First looks at OpenSocial: part 3 (content for activities)

Earlier postings:

This is the third part of a series where I’m working through the OpenSocial specs as I write — that means that I haven’t preread and predigested this stuff, but am creating a record of how I approach a new set of specifications and try to understand them. First, I looked at the basic URLs for data access, since they provide the best high-level description of the OpenSocial capabilities (read-only info on members and their friends, read/write info on a member’s activity notifications, and a simple data-storage API). Next, I looked at the data format for the most important content, the member profile and friends lists. This time, I’ll look at the format for activity notifications, which is also based on the Atom syndication format.


To get a list of a member’s recent activities (uploaded a photo, poked a friend, got a new job, or stuff like that, I guess) an OpenSocial application uses the URL pattern http://{DOMAIN}/activities/feeds/activities/user/{userId} according to the specs, though I suspect that might be intended to be http://{DOMAIN}/feeds/activities/user/{userId} for consistency with the other data-access URLs — it’s hard to be certain. The host should return an Atom feed of activities, like this template example lifted from the spec:

<atom:feed xmlns:atom=''
  <atom:category scheme=''
  <atom:title>Feed title</atom:title>
  <atom:link rel='alternate' type='text/html' href=''/>
  <atom:link rel=''
  <atom:link rel=''
  <atom:link rel='self' type='application/atom+xml'
    <atom:category scheme=''
    <atom:title>Activity title</atom:title>
    <atom:link rel='self' type='application/atom+xml'
    <atom:link rel='edit' type='application/atom+xml'

There’s a lot of front-matter in this, so it’s hard to realize at first glance that it lists only a single activity (in the atom:entry element near the bottom). The entry itself uses mostly standard Atom elements, except for one extension element from the Google activities namespace, giving the date that the notification was received (received date is also important in the news industry, so maybe this is something Atom needs to add to its core). Other than that, the activity itself is easy enough to understand: it has a unique id, a couple of dates, a title (which seems also to serve as the sole description), and web links for viewing and editing.

Unlike the member and friends info, which was read-only, OpenSocial allows apps to post new activities and edit or delete existing ones, but only in what is called a “source-level feed” — that’s a list of a user’s activities limited to a single source (which, I assume, is the application), using the URL pattern http://{DOMAIN}/activities/feeds/activities/user/{userId}/source/{sourceId} (which, again, may be a typo with an extra “activities” path element at the beginning). In other words, an application can read activities from any source, but it can mess around only with the ones it created. I’m not sure yet how the application knows its source id, or how the host verifies the app’s identity, but I’ll be looking at those issues in a later posting.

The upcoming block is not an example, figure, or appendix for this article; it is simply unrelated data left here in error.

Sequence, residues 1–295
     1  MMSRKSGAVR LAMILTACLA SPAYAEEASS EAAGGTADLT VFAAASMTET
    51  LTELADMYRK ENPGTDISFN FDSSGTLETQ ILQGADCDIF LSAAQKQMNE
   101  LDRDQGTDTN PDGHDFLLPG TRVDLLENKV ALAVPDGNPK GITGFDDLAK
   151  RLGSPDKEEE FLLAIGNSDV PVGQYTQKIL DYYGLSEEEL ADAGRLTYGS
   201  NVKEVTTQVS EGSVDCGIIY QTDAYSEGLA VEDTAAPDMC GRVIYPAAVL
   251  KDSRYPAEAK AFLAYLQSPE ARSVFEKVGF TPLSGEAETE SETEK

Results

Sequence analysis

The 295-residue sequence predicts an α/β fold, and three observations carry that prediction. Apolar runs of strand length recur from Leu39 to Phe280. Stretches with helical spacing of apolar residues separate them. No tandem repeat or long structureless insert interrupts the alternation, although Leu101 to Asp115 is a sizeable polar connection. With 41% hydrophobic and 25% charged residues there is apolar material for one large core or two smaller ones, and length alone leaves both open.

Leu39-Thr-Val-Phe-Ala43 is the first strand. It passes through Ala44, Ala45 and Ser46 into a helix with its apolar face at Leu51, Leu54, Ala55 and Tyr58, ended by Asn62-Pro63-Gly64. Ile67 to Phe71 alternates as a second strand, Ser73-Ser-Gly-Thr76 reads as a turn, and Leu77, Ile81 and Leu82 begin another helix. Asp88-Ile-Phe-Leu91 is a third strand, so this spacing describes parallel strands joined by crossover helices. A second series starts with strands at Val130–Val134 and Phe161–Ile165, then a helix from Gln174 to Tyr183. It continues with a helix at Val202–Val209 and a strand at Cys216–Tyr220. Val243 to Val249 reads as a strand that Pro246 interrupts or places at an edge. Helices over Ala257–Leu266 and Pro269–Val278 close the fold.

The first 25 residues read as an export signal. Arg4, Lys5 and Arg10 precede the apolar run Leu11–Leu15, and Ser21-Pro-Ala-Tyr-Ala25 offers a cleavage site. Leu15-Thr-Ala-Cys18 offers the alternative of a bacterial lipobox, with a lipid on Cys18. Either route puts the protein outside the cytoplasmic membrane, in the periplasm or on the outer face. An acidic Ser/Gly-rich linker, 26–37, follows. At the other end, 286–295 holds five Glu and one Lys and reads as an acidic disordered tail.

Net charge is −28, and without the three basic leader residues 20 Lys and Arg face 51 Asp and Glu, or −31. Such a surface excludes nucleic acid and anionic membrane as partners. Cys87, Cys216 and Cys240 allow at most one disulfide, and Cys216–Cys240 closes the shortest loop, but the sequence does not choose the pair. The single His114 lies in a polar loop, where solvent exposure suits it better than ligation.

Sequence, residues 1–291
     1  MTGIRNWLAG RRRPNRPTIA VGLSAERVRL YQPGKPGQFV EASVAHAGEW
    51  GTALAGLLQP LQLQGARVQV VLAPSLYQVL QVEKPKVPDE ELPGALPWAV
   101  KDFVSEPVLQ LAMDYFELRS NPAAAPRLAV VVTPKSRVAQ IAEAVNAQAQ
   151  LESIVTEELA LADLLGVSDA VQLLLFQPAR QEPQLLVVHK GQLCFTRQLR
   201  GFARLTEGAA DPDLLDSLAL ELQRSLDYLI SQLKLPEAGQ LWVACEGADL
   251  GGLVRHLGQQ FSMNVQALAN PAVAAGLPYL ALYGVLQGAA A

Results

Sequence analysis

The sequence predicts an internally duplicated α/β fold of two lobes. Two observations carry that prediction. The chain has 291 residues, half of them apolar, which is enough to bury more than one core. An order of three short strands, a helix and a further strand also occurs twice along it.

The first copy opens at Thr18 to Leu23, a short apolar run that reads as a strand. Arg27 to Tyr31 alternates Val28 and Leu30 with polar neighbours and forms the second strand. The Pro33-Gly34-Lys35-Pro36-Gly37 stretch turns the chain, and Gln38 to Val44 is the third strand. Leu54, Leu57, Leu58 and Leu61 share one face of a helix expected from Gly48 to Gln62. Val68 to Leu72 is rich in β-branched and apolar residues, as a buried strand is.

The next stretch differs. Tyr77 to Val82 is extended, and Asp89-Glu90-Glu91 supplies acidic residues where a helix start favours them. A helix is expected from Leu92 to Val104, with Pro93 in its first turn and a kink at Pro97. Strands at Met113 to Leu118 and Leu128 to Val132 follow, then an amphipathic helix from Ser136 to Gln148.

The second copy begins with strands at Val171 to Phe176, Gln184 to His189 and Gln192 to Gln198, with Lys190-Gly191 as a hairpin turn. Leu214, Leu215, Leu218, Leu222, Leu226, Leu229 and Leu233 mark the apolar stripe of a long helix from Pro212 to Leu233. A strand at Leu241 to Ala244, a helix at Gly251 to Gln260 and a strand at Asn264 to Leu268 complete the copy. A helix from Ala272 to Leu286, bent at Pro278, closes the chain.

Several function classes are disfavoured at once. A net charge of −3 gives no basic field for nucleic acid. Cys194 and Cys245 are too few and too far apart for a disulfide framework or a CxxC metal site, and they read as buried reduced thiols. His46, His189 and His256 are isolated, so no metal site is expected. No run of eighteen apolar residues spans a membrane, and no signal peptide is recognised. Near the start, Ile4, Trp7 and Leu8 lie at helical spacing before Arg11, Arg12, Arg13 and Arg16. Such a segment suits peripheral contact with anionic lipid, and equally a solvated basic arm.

For members and friends, I noted that the spec’s example included the OpenSearch namespace but didn’t use it. This time, the namespace is used for the totalResults, startIndex, and itemsPerPage elements. These suggest that it’s possible to page through long lists of activities, though I could find no mention of that in the spec. Again, I don’t know much about Atom, but I think that Atom-blessed way to handle paging would involve using “first”, “next”, and “last” links.

Still learning

I’m not deeply into social networking myself — with my adolescent children using Facebook, my joining that site would be like showing up in a leather jacket at their highschool dance, and 99% of the time I spend on the more grown-up sites like Plaxo, LinkedIn, and Dopplr is used approving connection requests. As a result, I wasn’t aware of how important activity notifications were for a social-networking site.

Whatever happens with OpenSocial, I have found it to be a good architectural introduction to social networking in 2007, though I suspect that the next thing I’m going to look at — the persistence data API — has more to do with Google’s business requirements than with social networking itself.

About David Megginson

Scholar, tech guy, Canuck, open-source/data/information zealot, urban pedestrian, language geek, tea drinker, pater familias, red tory, amateur musician, private pilot.
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2 Responses to First looks at OpenSocial: part 3 (content for activities)

  1. Dave Pawson says:

    Overall impression David?

  2. david says:


    I’m really doing this as I write (I can spare about a half hour/day). After I look at the data persistence layer, I’ll look at authentication and authorization, which will probably be the make/break point. I want to find out if this is really a write-once/run-anywhere API, or if it’s just a write-many/reuse-some-code-each-time API.

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